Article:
The challenge for U.S. policy is not to let Russia’s fait accompli in Crimea signal a complete abandonment of Ukraine. It’s one thing to say we will not go to war to defend Ukraine’s independence, and another one altogether to consign Ukraine forever to Russia’s sphere of influence. Not everything in foreign policy comes down to threatening war. Most Ukrainians want to be part of the West, as the Poles did some 70 years ago, and this matters more in the long run than the strength of Russia’s armored brigades.
So let’s give the Ukrainians — and the Russians — a long-term strategy. In addition to near-term sanctions against Russia that truly threaten its ability to do business with the West, we should be offering to assist Ukraine’s economy. We can do this not only by supporting loans and loan guarantees to assist Ukraine through its immediate crisis, but to help the International Monetary Fund and the European Union construct a program of aid-for-reforms that can turn Ukraine’s economy around. Part of Kiev’s problem is that it pretends to want to join the West but it never gets its economic house in order to actually do it. Economic aid packages are fine, but Ukraine’s economy needs serious reform.
The most important thing President Obama could now do is to signal to Putin that he has the patience to follow through on a strategy of isolating Russia. Putin likely believes he lacks that patience. To prove him wrong, the United States should: launch tougher sanctions against Russia; help Ukraine get its economic house in order; start serious military planning for the defense of the Baltic States; restore America’s military and strategic defenses; and let it be known that the United States will never recognize Russia’s suzerainty over Ukraine.
A former assistant secretary of state, Dr. Kim R. Holmes is a distinguished fellow at the Heritage Foundation.
John Arquilla earned his degrees in international relations from Rosary College (BA 1975) and Stanford University (MA 1989, PhD 1991). He has been teaching in the special operations program at the United States Naval Postgraduate School since 1993. He also serves as chairman of the Defense Analysis department.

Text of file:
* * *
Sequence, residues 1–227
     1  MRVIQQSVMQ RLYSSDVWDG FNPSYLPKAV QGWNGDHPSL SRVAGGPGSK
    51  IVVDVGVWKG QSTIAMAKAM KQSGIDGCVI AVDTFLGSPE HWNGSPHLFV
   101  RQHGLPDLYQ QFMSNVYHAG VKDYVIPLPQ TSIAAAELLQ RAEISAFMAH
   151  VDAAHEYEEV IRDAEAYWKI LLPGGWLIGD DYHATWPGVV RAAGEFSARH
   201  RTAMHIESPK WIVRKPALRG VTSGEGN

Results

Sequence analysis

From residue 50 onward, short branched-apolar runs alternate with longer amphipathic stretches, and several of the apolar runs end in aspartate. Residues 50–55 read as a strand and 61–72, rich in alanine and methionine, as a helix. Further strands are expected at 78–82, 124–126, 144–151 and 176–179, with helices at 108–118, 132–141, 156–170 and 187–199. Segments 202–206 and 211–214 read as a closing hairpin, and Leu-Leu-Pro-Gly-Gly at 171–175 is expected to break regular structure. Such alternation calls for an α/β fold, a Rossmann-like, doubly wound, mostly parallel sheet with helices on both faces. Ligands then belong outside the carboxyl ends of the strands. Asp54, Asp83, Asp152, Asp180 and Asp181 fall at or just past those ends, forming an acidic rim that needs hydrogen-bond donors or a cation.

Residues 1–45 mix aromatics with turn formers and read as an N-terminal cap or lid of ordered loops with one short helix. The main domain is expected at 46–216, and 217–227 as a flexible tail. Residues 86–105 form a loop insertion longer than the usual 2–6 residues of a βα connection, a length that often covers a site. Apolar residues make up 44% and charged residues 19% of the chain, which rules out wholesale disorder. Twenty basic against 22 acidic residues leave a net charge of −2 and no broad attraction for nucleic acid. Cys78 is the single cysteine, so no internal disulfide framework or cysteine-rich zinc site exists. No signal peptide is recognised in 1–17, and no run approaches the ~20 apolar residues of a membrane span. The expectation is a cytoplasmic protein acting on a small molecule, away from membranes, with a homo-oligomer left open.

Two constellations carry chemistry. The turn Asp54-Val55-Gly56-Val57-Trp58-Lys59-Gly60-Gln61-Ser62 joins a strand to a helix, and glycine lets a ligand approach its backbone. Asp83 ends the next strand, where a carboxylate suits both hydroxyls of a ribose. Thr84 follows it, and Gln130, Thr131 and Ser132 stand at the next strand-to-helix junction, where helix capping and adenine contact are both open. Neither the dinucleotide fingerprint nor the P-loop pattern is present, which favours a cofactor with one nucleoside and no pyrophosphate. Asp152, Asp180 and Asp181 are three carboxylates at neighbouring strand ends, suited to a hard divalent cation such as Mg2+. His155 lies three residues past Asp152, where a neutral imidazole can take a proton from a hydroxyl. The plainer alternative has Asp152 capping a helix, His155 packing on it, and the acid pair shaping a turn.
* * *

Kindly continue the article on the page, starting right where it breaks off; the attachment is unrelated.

Dr. Arquilla’s teaching interests revolve around the history of irregular warfare, terrorism, and the implications of the information age for society and security.
His books include: Dubious Battles: Aggression, Defeat and the International System (1992); From Troy to Entebbe: Special Operations in Ancient & Modern Times (1996), which was a featured alternate of the Military Book Club; In Athena’s Camp (1997); Networks and Netwars: The Future of Terror, Crime and Militancy (2001), named a notable book of the year by the American Library Association; The Reagan Imprint: Ideas in American Foreign Policy from the Collapse of Communism to the War on Terror (2006); Worst Enemy: The Reluctant Transformation of the American Military (2008), which is about defense reform; Insurgents, Raiders, and Bandits: How Masters of Irregular Warfare Have Shaped Our World (2011); and Afghan Endgames: Strategy and Policy Choices for America’s Longest War (2012).
Dr. Arquilla is also the author of more than one hundred articles dealing with a wide range of topics in military and security affairs. His work has appeared in the leading academic journals and in general publications like The New York Times, Forbes, Foreign Policy Magazine, The Atlantic Monthly, Wired and The New Republic. He is best known for his concept of “netwar” (i.e., the distinct manner in which those organized into networks fight). His vision of “swarm tactics” was selected by The New York Times as one of the “big ideas” of 2001; and in recent years Foreign Policy Magazine has listed him among the world’s “top 100 thinkers.”
In terms of policy experience, Dr. Arquilla worked as a consultant to General Norman Schwarzkopf during Operation Desert Storm, as part of a group of RAND analysts assigned to him. During the Kosovo War, he assisted deputy secretary of defense John Hamre on a range of issues in international information strategy. Since the onset of the war on terror, Dr. Arquilla has focused on assisting special operations forces and other units on practical “field problems.” Most recently, he worked for the White House as a member of a small, nonpartisan team of outsiders asked to articulate new directions for American defense policy.| Rational Security |